First, the authors believe that the speaker should determine whether an outside interest constitutes a conflict, while the AAOS believes that this determination should not be left to the speaker, but to the audience to determine.  By example, if a surgeon receives income for consulting on a total knee replacement system and is speaking about total hip replacements but happens to use the same company’s product, does he/she have a conflict?  The surgeon may determine that he or she have no conflict, but in reality, if the surgeon is in a position to influence the CME event to his or her perceived benefit, then based on ACCME guidelines, a conflict does exist and further, this conflict needs to be managed.  As many hospitals and hospital systems buy hip and knee implant systems together, if the surgeon promotes the hip system for which they are not compensated, it may drive sales of the knee system for which they are.  While this is unlikely, and the AAOS believes in the integrity of its members, the perception of bias can diminish the value of the presentation or paper.  In fact, the perception of bias is tracked for all speakers  and courses carefully and if reported, reviewed by the moderator and a member of the committee.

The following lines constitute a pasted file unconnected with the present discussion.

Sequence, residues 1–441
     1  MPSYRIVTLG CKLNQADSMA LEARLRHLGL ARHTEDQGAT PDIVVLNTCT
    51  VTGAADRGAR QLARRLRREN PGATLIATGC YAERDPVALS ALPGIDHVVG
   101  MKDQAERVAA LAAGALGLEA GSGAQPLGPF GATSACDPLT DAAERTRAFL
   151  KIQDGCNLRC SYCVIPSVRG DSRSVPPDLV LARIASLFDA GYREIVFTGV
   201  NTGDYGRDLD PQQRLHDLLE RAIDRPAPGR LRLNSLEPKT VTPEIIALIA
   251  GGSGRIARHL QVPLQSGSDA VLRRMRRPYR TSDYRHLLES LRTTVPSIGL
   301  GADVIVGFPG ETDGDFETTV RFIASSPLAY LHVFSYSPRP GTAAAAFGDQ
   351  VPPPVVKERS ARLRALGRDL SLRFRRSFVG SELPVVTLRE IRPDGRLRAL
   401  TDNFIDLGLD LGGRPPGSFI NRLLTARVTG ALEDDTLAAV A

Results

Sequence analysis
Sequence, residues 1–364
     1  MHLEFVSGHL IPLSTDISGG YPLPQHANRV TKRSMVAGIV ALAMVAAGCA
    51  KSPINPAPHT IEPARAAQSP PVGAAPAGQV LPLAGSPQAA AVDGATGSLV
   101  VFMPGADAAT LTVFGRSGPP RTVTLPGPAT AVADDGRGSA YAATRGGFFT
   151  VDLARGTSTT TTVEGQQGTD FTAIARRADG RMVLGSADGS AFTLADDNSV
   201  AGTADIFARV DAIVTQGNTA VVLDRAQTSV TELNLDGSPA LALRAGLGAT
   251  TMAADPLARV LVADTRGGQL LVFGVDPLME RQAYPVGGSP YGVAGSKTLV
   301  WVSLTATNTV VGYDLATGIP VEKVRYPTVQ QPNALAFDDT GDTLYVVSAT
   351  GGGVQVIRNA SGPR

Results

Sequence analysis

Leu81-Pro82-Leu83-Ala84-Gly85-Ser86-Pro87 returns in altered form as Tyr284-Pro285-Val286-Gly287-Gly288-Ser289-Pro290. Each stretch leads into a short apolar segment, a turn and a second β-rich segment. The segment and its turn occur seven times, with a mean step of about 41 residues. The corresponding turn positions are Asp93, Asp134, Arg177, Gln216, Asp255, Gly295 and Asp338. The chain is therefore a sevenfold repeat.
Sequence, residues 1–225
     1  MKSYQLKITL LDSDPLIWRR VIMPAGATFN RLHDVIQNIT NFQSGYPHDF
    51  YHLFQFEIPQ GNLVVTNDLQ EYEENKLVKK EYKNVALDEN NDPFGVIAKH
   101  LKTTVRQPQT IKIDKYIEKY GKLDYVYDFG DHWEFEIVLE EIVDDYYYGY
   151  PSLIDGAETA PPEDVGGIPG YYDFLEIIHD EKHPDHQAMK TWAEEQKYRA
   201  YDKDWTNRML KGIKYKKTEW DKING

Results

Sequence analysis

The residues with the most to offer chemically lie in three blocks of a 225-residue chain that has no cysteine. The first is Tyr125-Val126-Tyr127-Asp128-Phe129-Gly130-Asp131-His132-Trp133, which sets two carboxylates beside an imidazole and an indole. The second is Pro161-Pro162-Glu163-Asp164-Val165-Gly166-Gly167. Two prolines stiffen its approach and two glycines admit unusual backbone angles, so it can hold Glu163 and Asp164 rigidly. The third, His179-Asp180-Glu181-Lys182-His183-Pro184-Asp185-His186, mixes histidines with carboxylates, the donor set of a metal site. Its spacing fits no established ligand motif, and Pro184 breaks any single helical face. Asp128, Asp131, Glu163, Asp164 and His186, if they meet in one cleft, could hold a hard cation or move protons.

Second, the authors assert that all institutional support should be reported, which is not consistent with ACCME guidelines, and in fact, was not disclosed by the lead author of the paper at the meeting in question.  This question, also, has been carefully vetted by AAOS.  Many complaints were received from speakers in past years when the AAOS did request disclosure of all institutional support in the name of completeness.  Presenters pointed out that it was very difficult to get this information from their institutions or department, as there is often no repository containing the information. Additionally, it was felt that when the presenters had nothing to do with such support and/or were unaware of it, institutional support did not present a conflict as defined by the ACCME.  Finally, for larger institutions, such as that from which this study originates, the disclosure slide would be inflated with outside interests that would potentially take away from the focus on the more salient outside interests that might rise to the level of a conflict.  Based on careful discussion, AAOS in 2009 dropped the requirement of disclosure of all institutional support in favor of reporting only that institutional support for which the speaker had some connection, such as being involved in a supported study or receiving educational grants.